RICHARD: [MUSIC] One day, we suddenly saw the botnet Rustock disappear from the world stage. Our first thoughts were our equipment was faulty. I thought we’ve never seen that before. But some cross-checking proved that in fact it wasn’t the equipment was faulty; the spam coming from the Rustock botnet suddenly went silent. Silent, that is, until the silence to be somewhat shattered by shouts of joy worldwide as people realized that the most significant source of spam on the planet had suddenly ceased spamming.

JACK: After the takedown, Microsoft made sure to sinkhole Rustock’s main C&C server IP addresses. Basically, they were intercepting the traffic going to these servers and redirecting it to their own. This way, they can start to identify machines infected with Rustock. Within three months of Operation b107 starting, the million or so Rustock infected botnets had dropped to around 500,000. Computer users were slowly claiming their machines back under their control. The hunt for Cosma and those who helped him with Rustock was still on. Microsoft offered a $250,000 reward for information leading the to arrest and conviction of Cosma, but that reward still stands. Cosma still is on the loose. He hasn’t been tracked down. Microsoft’s legal team though, are still looking for him.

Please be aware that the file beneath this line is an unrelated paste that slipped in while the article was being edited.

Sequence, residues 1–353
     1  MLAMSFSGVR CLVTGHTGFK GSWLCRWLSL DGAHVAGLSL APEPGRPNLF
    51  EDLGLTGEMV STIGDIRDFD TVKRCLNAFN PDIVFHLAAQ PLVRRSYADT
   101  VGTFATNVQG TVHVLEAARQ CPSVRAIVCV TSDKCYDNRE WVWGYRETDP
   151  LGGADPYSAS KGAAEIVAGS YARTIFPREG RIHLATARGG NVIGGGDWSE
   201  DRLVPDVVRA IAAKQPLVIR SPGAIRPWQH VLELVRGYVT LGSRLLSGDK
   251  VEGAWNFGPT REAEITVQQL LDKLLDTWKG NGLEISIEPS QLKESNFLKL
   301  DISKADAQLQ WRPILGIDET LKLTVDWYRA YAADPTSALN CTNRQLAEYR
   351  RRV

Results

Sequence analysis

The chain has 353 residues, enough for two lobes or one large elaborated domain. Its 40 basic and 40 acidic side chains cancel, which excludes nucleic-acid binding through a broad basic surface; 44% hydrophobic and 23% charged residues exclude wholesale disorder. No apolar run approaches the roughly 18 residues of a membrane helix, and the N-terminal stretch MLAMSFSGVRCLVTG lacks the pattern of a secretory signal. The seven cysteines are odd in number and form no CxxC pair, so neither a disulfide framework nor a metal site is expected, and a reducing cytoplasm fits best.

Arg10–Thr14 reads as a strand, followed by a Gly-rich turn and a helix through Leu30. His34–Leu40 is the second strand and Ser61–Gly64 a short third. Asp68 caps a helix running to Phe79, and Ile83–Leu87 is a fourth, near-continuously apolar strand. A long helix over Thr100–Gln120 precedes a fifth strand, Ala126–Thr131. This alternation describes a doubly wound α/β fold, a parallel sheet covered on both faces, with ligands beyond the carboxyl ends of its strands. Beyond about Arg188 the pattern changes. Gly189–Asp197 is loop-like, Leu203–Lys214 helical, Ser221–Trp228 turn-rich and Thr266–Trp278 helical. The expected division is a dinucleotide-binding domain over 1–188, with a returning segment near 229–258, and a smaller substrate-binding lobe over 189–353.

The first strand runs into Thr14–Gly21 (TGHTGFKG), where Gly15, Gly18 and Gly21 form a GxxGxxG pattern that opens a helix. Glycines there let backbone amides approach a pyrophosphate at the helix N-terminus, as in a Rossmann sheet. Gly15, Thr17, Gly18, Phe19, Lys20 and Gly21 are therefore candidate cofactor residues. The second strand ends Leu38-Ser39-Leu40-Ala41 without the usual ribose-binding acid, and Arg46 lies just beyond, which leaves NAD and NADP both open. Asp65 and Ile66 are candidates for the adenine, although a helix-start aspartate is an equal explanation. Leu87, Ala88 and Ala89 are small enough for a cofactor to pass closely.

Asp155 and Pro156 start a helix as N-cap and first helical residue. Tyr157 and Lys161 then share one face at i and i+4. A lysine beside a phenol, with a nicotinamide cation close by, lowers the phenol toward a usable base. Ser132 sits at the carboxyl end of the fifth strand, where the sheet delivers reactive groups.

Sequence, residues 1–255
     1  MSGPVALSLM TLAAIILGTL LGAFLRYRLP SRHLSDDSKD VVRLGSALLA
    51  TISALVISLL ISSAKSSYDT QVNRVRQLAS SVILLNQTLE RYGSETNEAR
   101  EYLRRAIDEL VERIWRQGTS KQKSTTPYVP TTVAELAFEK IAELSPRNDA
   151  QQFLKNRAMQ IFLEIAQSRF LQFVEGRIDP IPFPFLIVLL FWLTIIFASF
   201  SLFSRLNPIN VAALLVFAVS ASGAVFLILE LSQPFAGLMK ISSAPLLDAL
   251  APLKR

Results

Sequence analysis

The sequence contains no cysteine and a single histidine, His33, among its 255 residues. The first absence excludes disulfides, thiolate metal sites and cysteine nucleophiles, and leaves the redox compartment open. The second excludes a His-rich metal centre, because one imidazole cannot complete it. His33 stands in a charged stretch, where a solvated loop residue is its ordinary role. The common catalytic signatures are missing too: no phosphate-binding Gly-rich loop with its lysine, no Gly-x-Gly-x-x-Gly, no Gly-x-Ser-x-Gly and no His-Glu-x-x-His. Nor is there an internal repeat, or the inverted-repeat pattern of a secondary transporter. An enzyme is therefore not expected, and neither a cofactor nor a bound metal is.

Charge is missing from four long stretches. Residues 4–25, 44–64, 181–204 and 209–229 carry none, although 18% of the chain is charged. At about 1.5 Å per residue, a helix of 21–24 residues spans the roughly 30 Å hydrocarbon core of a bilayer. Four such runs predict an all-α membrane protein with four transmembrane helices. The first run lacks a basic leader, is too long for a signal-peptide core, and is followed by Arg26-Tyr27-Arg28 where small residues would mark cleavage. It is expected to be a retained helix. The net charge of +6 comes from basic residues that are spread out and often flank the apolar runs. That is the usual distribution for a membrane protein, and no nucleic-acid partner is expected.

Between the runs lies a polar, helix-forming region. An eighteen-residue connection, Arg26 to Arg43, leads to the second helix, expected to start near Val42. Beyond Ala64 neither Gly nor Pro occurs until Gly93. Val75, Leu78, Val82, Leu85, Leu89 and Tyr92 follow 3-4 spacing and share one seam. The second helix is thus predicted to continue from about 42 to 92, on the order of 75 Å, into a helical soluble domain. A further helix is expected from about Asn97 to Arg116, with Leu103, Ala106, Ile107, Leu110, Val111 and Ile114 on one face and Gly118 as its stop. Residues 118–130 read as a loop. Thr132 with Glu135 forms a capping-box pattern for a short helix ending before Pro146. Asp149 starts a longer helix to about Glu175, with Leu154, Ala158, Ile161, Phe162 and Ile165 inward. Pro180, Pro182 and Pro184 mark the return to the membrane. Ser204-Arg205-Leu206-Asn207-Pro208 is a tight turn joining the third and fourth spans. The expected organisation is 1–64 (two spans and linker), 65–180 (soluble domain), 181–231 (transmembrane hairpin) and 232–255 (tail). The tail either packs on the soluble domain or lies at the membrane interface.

LEGAL: [MUSIC] We’re not gonna stop until the people behind these botnets that are affecting our customers and are impacting our platform get the message that if you target our platform, we will target you.